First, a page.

Abstract: The central subject of Aristotle's ethics is happiness or living well. Most people in his day (as in ours), eager to enjoy life, impressed by worldly success, and fearful of serious loss, believed that happiness depends mainly on fortune in achieving prosperity and avoiding adversity. Aristotle, however, argues that virtuous conduct is the governing factor in living well and attaining happiness. While admitting that neither the blessings not the afflictions of fortune are unimportant, he maintains that the virtuous find life more satisfying than other people do and, with only modest good fortune, they lead happy, enjoyable lives. Combining philological precision with philosophical analysis, the author reconstructs Aristotle's defense of these bold claims. By examining how Aristotle develops his position in response to the prevailing hopes and anxieties of his age, the author shows why Aristotle considers happiness important for ethics and why he thinks it necessary to revise popular and traditional views. Paying close attention throughout to the internalist dimension of Aristotle's approach - his emphasis on how the virtuous view their own lives and actions - the author advances new interpretations of Aristotle's accounts of several major virtues, including temperance, courage, liberality, and 'greatness of soul'. This work sets Aristotle in the broader cultural context of his time, tracing his attemps to accommodate and amend rival views. The author examines literary and historical sources as well as philosophical texts, showing the inherited values and traditional ideals that inform Aristotle's discussions and provide some of the basis for his conclusions. Presupposing no knowledge of Greek or specialized philosophical terminology, the book is designed to be accessible to all students of philosophy or classical antiquity. All quotations from ancient texts are translated
Wike, Victoria S. (1987). The role of happiness in kant'sgroundwork. Journal of Value Inquiry 21 (1).   (Google)
Wilkinson, Will (2007). In Pursuit of Happiness Research: Is It Reliable? What Does It Imply for Policy? Cato Institute Policy Analysis 590.   (Google | More links)
Abstract: "Happiness research" studies the correlates of subjective well-being, generally through survey methods. A number of psychologists and social scientists have drawn upon this work recently to argue that the American model of relatively limited government and a dynamic market economy corrodes happiness, whereas Western European and Scandinavian-style social democracies promote it. This paper argues that happiness research in fact poses no threat to the relatively libertarian ideals embodied in the U.S. socioeconomic system. Happiness research is seriously hampered by confusion and disagreement about the definition of its subject as well as the limitations inherent in current measurement techniques. In its present state happiness research cannot be relied on as an authoritative source for empirical information about happiness, which, in any case, is not a simple empirical phenomenon but a cultural and historical moving target. Yet, even if we accept the data of happiness research at face value, few of the alleged redistributive policy implications actually follow from the evidence. The data show that neither higher rates of government redistribution nor lower levels of income inequality make us happier, whereas high levels of economic freedom and high average incomes are among the strongest correlates of subjective well-being. Even if we table the damning charges of questionable science and bad moral philosophy, the American model still comes off a glowing success in terms of happiness.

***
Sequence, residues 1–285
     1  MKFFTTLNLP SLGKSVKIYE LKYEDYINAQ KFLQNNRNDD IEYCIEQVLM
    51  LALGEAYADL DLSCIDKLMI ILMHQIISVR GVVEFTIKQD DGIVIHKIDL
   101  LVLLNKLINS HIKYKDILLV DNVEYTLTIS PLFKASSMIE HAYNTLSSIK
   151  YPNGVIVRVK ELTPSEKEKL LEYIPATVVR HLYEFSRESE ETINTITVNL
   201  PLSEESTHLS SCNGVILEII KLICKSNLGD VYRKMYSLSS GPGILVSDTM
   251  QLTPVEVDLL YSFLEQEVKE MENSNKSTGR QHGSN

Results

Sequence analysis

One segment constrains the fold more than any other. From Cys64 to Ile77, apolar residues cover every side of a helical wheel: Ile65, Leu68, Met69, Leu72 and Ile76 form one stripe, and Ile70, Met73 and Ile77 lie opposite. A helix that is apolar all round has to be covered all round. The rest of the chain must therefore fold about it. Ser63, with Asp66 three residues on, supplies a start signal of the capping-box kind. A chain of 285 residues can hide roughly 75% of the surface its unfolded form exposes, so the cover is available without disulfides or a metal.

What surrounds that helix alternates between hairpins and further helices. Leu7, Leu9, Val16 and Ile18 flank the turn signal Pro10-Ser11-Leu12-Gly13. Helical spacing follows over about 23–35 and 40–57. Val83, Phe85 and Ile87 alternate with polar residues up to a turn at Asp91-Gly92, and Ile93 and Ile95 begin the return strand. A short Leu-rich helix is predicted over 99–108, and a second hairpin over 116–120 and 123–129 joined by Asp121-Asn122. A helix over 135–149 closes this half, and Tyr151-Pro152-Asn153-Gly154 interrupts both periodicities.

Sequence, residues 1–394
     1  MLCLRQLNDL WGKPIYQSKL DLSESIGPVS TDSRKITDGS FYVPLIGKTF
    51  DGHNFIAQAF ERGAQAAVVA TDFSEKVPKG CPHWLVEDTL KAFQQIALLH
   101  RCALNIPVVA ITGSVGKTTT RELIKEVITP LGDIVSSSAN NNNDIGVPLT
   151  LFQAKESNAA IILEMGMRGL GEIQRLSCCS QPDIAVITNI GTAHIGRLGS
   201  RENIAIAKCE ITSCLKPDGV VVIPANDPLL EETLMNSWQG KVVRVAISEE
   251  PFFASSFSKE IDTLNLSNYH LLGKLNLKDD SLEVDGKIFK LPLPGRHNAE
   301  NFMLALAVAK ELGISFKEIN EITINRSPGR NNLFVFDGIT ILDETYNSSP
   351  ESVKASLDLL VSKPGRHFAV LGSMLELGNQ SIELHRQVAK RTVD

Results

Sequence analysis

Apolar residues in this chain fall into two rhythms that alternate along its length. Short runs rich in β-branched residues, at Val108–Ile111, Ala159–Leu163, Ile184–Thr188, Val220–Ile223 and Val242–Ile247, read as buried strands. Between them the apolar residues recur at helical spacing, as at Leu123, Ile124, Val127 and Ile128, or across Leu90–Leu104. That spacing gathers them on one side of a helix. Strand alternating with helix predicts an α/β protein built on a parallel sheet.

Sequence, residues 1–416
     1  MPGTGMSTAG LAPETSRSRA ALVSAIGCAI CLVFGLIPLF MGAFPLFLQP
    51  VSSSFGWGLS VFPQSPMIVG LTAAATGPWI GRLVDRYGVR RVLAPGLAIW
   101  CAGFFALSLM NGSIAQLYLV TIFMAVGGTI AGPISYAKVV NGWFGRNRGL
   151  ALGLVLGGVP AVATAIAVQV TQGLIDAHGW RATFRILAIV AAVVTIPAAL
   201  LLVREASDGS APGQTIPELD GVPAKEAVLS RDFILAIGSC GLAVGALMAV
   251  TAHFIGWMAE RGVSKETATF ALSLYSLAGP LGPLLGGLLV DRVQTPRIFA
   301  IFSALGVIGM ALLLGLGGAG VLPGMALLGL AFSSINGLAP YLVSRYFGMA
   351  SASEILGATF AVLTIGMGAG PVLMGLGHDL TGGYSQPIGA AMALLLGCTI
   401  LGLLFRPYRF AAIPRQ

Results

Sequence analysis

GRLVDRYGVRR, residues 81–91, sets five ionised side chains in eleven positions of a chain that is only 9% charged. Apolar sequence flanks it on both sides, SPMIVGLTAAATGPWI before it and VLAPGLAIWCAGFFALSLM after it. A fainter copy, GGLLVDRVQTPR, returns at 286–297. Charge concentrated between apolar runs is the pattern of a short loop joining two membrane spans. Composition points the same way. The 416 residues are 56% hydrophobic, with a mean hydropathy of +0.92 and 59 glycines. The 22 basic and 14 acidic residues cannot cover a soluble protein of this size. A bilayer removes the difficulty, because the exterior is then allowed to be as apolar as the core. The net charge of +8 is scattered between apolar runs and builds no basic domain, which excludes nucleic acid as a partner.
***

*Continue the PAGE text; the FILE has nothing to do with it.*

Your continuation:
Wilson, Fred (1982). Mill's proof that happiness is the criterion of morality. Journal of Business Ethics 1 (1).   (Google)
Abstract: This paper considers the converse of the principle that ought implies can, namely, the principle that must implies ought. It argues that this principle is the central premiss for Mill's argument that happiness is desirable (worthy of desire), and it examines the sense of must that is relevant and the implications it has for Mill's moral philosophy
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Wright, William K. (1908). Happiness as an ethical postulate. Philosophical Review 17 (5):518-528.   (Google | More links)